protecting U.S. government prerogatives

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John Yoo on Capitol Hill
Former Bush Justice official John Yoo was the chief author of the so-called torture memos.
Photo: AP

In Democratic legal circles, no attorney has been more pilloried than former Bush Justice Department official John Yoo, chief author of the so-called torture memos that Barack Obama last week sought to nullify. 

But now President Obama's incoming crew of lawyers has a new and somewhat awkward job: defending Yoo in federal court. 

Next week, Justice Department lawyers are set to ask a San Francisco federal judge to throw out a lawsuit brought against Yoo by Jose Padilla, a New York man held without charges on suspicion of being an Al Qaeda operative plotting to set off a "dirty bomb." 

The suit contends that Yoo's legal opinions authorized Bush to order Padilla's detention in a Navy brig in South Carolina and encouraged military officials to subject Padilla to aggressive interrogation techniques, including death threats and long-term sensory deprivation. 

That's not all. On Thursday, Justice Department lawyers are slated to be in Charleston, S.C., to ask a federal magistrate there to dismiss another lawsuit charging about a dozen current and former government officials with violating Padilla's rights in connection with his unusual detention on U.S. soil, without charges or a trial. 

The defendants in that case are like a who's who of Bush administration boogeymen to Obama's liberal followers -- former Defense Secretary Donald Rumsfeld, his deputy Paul Wolfowitz and former Attorney General John Ashcroft. 

The two cases raise the question of how aggressively the Obama administration intends to defend alleged legal excesses of the Bush administration in the war on terror. The Supreme Court recently gave the new president until March to decide whether to defend the detention without trial of another man held as an enemy combatant, Ali Saleh Al-Marri.

And with more than a hundred court cases pending relating to Guantanamo, the Obama team faces a fast and furious series of deadlines to adopt or reject the Bush administration's stance regarding specific detainees.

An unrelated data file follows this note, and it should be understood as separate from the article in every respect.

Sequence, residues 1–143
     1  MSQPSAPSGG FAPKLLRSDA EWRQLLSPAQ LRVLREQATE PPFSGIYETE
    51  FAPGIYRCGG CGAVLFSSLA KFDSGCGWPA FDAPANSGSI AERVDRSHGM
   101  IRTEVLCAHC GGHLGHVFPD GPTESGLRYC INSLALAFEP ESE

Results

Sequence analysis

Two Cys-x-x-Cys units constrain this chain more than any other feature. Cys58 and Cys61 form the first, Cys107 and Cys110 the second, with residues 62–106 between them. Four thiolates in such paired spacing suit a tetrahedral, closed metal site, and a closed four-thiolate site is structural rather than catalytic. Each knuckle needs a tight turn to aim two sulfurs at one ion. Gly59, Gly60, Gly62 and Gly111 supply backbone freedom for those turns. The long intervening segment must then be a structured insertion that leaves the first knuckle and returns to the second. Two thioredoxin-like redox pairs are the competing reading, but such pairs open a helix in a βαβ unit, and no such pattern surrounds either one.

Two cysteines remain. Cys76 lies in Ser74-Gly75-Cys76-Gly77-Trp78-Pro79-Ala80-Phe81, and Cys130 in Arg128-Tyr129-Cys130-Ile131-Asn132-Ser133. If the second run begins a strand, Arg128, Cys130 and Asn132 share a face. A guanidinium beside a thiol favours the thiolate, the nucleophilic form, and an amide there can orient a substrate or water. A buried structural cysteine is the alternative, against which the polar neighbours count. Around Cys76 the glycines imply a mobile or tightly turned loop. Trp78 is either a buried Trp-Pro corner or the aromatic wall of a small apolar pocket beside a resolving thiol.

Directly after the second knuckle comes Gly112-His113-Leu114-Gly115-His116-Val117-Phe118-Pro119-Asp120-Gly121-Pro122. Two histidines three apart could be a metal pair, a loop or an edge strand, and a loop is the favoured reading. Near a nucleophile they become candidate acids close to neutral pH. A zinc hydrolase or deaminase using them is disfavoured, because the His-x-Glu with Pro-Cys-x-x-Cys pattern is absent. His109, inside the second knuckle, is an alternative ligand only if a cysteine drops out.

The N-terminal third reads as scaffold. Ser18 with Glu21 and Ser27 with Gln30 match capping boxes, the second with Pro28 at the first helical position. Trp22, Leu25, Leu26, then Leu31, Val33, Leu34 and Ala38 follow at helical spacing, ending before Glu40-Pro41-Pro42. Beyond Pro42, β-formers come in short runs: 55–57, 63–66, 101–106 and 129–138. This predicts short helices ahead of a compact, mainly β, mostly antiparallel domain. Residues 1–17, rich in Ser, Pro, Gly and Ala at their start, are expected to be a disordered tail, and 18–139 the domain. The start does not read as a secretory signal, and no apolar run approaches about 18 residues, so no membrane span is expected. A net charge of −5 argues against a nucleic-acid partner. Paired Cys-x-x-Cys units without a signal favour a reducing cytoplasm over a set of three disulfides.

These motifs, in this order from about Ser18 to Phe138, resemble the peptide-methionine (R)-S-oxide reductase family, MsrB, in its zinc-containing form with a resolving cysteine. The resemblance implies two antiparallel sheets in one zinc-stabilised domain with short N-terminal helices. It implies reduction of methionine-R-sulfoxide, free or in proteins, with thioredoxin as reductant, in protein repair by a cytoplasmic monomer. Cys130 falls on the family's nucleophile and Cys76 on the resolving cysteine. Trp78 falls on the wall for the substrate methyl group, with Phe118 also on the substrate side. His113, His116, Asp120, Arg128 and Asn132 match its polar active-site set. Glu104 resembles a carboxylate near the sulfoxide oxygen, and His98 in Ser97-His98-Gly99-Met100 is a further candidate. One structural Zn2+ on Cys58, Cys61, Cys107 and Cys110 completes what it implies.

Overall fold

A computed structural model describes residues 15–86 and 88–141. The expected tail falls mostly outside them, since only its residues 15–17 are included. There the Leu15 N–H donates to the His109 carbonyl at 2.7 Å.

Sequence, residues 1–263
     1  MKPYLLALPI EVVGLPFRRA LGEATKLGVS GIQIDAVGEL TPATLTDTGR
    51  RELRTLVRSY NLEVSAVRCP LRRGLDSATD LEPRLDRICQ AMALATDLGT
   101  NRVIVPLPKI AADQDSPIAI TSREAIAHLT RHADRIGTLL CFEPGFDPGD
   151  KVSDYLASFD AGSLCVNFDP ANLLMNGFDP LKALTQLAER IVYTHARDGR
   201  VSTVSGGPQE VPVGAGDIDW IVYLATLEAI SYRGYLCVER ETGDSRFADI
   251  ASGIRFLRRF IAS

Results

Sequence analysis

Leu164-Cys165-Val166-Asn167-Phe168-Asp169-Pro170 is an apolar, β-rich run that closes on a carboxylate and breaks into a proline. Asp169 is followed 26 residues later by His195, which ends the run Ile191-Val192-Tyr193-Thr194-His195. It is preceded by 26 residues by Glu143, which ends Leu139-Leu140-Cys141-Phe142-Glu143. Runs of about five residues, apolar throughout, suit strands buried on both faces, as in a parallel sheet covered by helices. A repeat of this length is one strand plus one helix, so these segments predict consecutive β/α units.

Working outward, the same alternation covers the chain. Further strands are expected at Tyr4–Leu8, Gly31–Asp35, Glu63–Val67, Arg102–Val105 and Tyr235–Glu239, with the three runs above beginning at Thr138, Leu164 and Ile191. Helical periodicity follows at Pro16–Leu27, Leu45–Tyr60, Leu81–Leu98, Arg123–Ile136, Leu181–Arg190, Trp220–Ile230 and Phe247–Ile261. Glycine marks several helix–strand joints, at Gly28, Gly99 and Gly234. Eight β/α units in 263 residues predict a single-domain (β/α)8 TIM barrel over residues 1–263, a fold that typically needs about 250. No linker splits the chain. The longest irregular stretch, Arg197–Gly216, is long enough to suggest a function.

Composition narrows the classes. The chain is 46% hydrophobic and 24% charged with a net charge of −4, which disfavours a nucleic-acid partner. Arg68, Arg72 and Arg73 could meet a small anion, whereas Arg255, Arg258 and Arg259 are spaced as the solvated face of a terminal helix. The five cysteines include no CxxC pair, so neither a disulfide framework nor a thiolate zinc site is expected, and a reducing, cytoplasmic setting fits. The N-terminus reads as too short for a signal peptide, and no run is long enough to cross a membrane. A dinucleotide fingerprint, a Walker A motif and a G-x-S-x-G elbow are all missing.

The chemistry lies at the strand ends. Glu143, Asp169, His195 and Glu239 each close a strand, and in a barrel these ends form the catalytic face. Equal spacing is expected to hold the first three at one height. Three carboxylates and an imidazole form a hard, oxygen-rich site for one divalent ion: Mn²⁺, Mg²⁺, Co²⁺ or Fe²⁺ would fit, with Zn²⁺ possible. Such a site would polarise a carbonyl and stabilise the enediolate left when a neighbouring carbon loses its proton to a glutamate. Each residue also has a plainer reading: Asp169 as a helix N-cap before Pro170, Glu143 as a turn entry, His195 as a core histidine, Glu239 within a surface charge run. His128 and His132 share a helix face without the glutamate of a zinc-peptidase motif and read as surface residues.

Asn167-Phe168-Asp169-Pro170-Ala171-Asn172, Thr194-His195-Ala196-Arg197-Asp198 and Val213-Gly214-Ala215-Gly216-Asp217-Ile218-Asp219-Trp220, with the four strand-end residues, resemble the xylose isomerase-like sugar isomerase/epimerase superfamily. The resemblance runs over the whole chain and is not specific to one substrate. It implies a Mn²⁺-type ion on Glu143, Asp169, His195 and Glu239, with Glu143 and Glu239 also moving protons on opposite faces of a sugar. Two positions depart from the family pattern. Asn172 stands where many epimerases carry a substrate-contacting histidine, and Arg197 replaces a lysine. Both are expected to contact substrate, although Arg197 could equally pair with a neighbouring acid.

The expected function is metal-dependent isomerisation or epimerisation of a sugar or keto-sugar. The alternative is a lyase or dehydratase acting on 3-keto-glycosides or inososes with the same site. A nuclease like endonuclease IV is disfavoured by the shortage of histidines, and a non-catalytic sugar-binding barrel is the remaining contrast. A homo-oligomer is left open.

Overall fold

"This is going to happen again and again across the government," said Karen Greenberg, the executive director of the Center on Law and Security at New York University. "They're between a rock and a hard place." 

Obama's lawyers aren't the first at Justice to have to stand by a prior administration's legal work -- whether they agree with it or not -- merely in the interest of protecting U.S. government prerogatives. 

But the Bush war-on-terror team inspires particular antipathy in the liberal legal set -- and none more than Yoo, who became a sort of symbol of the Bush administration's efforts to construct a carefully crafted legal framework to justify practices that critics say are torture. 

"When they go back to the privacy of their offices, they may wish that someone would draw and quarter John Yoo, but they have to wave the flag," said a former federal terrorism prosecutor, Andrew McCarthy. "What they have to do is appear as if they are defending all the prerogatives of government that people want them to defend. ... That's the job of the Justice Department." 

Padilla's lawyers, who are affiliated with a human rights clinic at Yale Law School, declined to comment for this article. Yoo also declined to be interviewed, though in an op-ed piece for The Wall Street Journal last year he described himself as the victim of an attempt to use "the tort system to harass those who served in government in wartime." 

Obama's appointee for attorney general, Eric Holder, has taken issue with some of Yoo's conclusions but does not appear to have singled him out by name. "I never thought I would see the day when a Justice Department would claim that only the most extreme infliction of pain and physical abuse constitutes torture," Holder said in a speech last year, alluding to a 2002 memo Yoo wrote.


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This page contains a single entry published on January 29, 2009 1:57 AM.

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